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  #1 (permalink)  
Unread Mar 24th, 2010, 10:59 pm
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Default students who don't want to be there

I have 2 high school age students I teach every week that are often difficult to teach. They seem to have an attitude saying I don't want to be there. Whenever I try to teach them something it looks like they are bored. Whenever I use games they don't want to participate. Whenever I do conversation they don't talk. Any ideas on how to spice up the class to make it fun and educational?

thanks
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  #2 (permalink)  
Unread Mar 25th, 2010, 03:20 am
clever
 
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Default Re: students who don't want to be there

I am wondering why these 2 students are in your class in the first place when they don't seem interested to learn.
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  #3 (permalink)  
Unread Mar 25th, 2010, 04:09 pm
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Default Re: students who don't want to be there

Why are they there? Is this (tutoring? class?) required by the school? Did their parents send them?
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Unread Mar 25th, 2010, 07:50 pm
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Default Re: students who don't want to be there

That is a good question, I believe their parents send them there.
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  #5 (permalink)  
Unread Mar 26th, 2010, 04:16 pm
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Default Re: students who don't want to be there

Try looking at this thread:
Discussion topics for high school class?
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  #6 (permalink)  
Unread Mar 28th, 2010, 09:52 pm
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Default Re: students who don't want to be there

What about trying to find out what interests them, and using that to your advantage.

Perhaps the usual food, movies, sports conversations aren't working because they have done that all before.

Find some topics they are truly interested in and it might go better.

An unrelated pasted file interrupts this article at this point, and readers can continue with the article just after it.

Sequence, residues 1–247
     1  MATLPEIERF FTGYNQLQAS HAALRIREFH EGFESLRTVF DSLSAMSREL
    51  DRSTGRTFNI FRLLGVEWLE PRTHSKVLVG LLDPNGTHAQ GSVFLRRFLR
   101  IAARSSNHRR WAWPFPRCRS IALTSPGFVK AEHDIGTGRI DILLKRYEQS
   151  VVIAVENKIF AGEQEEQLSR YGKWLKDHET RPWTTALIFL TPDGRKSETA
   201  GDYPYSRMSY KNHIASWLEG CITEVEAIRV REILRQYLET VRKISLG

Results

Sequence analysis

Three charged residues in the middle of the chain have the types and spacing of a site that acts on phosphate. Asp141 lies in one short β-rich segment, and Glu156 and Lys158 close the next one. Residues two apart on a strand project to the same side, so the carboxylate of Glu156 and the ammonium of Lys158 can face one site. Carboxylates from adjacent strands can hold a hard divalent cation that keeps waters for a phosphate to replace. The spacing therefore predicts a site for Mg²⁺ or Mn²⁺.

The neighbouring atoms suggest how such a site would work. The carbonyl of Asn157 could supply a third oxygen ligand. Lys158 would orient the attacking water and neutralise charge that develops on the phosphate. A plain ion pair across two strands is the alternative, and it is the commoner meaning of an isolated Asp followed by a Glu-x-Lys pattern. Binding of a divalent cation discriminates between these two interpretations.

Try and show them how your lessons will directly help them in their lives. This could be to get better grades, to advance toward a career goal, or whatever.

Lastly, what about focusing them on a larger task that they may get motivated to complete. I am having success with my high school students right now with an activity that has us building websites. They chose their own topics and are enjoying posting, formatting, and creating.

Good luck!
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  #7 (permalink)  
Unread Mar 29th, 2010, 07:55 pm
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Default Re: students who don't want to be there

Quote:
Quote bread_baker View Post
Try looking at this thread:
Discussion topics for high school class?
Discussion topics for high school class?
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  #8 (permalink)  
Unread Mar 29th, 2010, 08:01 pm
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Default Re: students who don't want to be there

Quote:
Quote FondueUSA View Post
I have 2 high school age students I teach every week that are often difficult to teach. ... it looks like they are bored. ... they don't want to participate. ... they don't talk. Any ideas on how to spice up the class to make it fun and educational?
I imagine you need to go at this from a new angle. It might be good to talk with them and find out why they are there, what it is they'd like to do, are they like this all the time or just in English class. Maybe the content is too difficult for them, maybe it's too easy. If you have the chance try to talk to some other teachers that teach them.

They might be more interested in worksheets and grammar lessons to build their confidence. It's really hard to say. So, my advice would be try to get a clearer picture of the problem.
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  #9 (permalink)  
Unread Mar 31st, 2010, 04:30 pm
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Default Re: students who don't want to be there

How long is the lesson? Sometimes this happens with long lessons and small groups or individuals. I teach English in Italy, and I have had this happen with a few students. Usually, they are tired or "burnt-out" on studying as they have so many extracurricular activities. Try to do a quick survey about their interests in written form- "disguise" it as a job application, where they have to list their strengths, weaknesses, hobbies and commitments and ideal working environment. It should give you some clues to their personalities and interests. You can build a lot on a student's profile.
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  #10 (permalink)  
Unread Apr 5th, 2010, 05:54 am
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Default Re: students who don't want to be there

Hi,
I hope this response will get through.

I suggest you get to know the students. Get to know their language learning background -- How did their teachers in the past teach them? Do they just listen and answer exercises on paper and do not talk in class? Get to know their anxieties -- perhaps they got embarrassed when trying to talk or participate in classroom activities. Get to know the reason why they are in the class, their goals and interests. And finally, get their trust to teach them.
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Unread Apr 26th, 2010, 11:03 pm
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Default Re: students who don't want to be there

i also agree with the point that may be their parents force them to attend this class.So they try to annoy you so that u'll be impatient to teach them!
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